I thought I knew about MD Anderson and its mission to end cancer. But until I became one of the treated, I realized I knew people who were patients there, but I didn’t really know much about the institution and the qualities that set it apart.
In late September 2009, I was diagnosed with a large tumor on my left kidney. In my urologist’s words, these tumors are “almost always malignant” and no matter what, it had to come out. My wife, Kathryn, at the urging of a dear friend, insisted that we see if “they” would look at my case at MD Anderson.
“They” did accept me as a patient. That was more than five years ago, and I remain a renal cell carcinoma survivor. I’m not cured, but my prognosis remains excellent due to the exceptional care I have received and continue to receive at MD Anderson. I can’t say enough wonderful things about Dr. Chris Wood and his talented team of surgeons, who excised my volleyball-sized tumor; Dr. Ara Vaporciyan, who removed some of the renal cell lesions from my left lung; Dr. Patrick Hwu and his IL-2 team; and now, my wonderful oncologist and friend, Dr. Nizar Tannir and the entire team of genitourinary oncologists, who lead the way in renal cell and other genitourinary cancer research.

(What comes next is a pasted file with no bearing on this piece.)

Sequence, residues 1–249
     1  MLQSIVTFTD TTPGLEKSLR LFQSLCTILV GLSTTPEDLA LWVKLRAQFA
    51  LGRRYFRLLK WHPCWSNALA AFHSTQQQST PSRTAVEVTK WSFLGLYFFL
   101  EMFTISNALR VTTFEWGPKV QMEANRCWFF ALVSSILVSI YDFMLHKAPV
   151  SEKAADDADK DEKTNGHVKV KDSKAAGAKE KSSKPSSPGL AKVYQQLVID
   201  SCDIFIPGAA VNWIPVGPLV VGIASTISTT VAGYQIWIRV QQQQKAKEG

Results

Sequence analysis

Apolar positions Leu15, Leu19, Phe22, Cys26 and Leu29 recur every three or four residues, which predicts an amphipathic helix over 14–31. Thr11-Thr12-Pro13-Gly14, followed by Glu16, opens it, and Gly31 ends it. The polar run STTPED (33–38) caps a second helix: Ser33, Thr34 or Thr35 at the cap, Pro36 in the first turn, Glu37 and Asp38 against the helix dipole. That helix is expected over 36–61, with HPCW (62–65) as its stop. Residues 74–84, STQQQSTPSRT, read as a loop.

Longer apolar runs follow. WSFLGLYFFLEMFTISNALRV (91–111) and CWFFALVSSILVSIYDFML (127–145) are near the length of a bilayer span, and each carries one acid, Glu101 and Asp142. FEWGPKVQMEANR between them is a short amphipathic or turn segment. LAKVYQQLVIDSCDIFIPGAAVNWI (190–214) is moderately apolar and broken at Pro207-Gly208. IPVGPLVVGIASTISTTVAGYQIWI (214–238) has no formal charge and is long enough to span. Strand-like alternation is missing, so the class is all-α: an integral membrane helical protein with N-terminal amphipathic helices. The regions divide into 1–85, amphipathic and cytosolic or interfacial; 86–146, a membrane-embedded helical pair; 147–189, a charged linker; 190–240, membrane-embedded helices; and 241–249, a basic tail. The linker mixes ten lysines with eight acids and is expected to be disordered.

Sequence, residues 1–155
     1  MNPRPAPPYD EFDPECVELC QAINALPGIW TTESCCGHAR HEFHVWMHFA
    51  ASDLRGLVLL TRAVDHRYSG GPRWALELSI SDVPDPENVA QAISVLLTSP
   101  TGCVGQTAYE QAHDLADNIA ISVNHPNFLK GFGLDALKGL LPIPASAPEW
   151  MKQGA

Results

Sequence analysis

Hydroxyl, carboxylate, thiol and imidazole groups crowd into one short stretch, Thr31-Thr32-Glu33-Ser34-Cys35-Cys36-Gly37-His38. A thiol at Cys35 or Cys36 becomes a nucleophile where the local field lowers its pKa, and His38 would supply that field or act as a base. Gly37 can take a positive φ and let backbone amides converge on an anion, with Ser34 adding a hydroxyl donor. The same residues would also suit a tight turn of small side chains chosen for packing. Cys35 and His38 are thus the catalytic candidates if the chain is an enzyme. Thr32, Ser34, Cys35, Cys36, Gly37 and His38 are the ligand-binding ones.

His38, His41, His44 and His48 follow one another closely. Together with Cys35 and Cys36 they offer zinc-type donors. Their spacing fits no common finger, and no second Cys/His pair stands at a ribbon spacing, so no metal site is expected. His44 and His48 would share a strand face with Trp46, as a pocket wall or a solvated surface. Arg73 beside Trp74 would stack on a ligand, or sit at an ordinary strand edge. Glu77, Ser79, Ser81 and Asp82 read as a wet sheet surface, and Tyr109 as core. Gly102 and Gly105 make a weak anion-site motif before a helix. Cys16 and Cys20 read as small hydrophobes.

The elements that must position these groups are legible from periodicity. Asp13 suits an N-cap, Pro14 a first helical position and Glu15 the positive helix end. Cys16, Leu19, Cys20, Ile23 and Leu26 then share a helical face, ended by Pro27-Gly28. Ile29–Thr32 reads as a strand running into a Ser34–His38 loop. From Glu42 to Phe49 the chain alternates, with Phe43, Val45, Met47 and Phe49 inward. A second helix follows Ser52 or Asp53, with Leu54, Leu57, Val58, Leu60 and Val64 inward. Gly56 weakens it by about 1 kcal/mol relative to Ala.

Getting to know you
For me, however, the most amazing part of my story hasn’t been the exceptional treatment, but rather the unique opportunity to get to know this huge, living, breathing institution known as MD Anderson. It’s become the most meaningful and unbelievable experience in my life: having the privilege to understand more about MD Anderson’s mission and to interact with this huge family of caring employees, almost 20,000 team members who share the common goal of lifting the lives and spirits of its thousands of patients and their families.
I’ve been amazed at the heartfelt care and compassion put forth by each one of these professionals. I sincerely mean that every team member is a professional, no matter his or her role. The very core of their mission is to be professional and caring in every sense of the words and to make our visits and treatment the best that they can be.
My cancer has never made me feel sick. My surgeries, the IL-2 treatment and the drug I’m now taking haven’t been fun. But when I look at so many fellow patients and survivors who are coping with much worse, I’m reminded of just how lucky I am. It’s truly been a life-changing event for me.
MD Anderson has been and continues to be a beacon of hope for those who’ve been stricken with that six-letter word that no one ever wants to hear. Hundreds of thousands of us are still alive, leading hopeful lives because of this wonderful institution and its doctors, nurses and researchers. There’s an effervescent hope that we’ll one day conquer this dreaded disease. I’m thankful to those who came before us and had the vision and foresight to establish MD Anderson in 1941 and to those who continue to make MD Anderson the exceptional place that it is.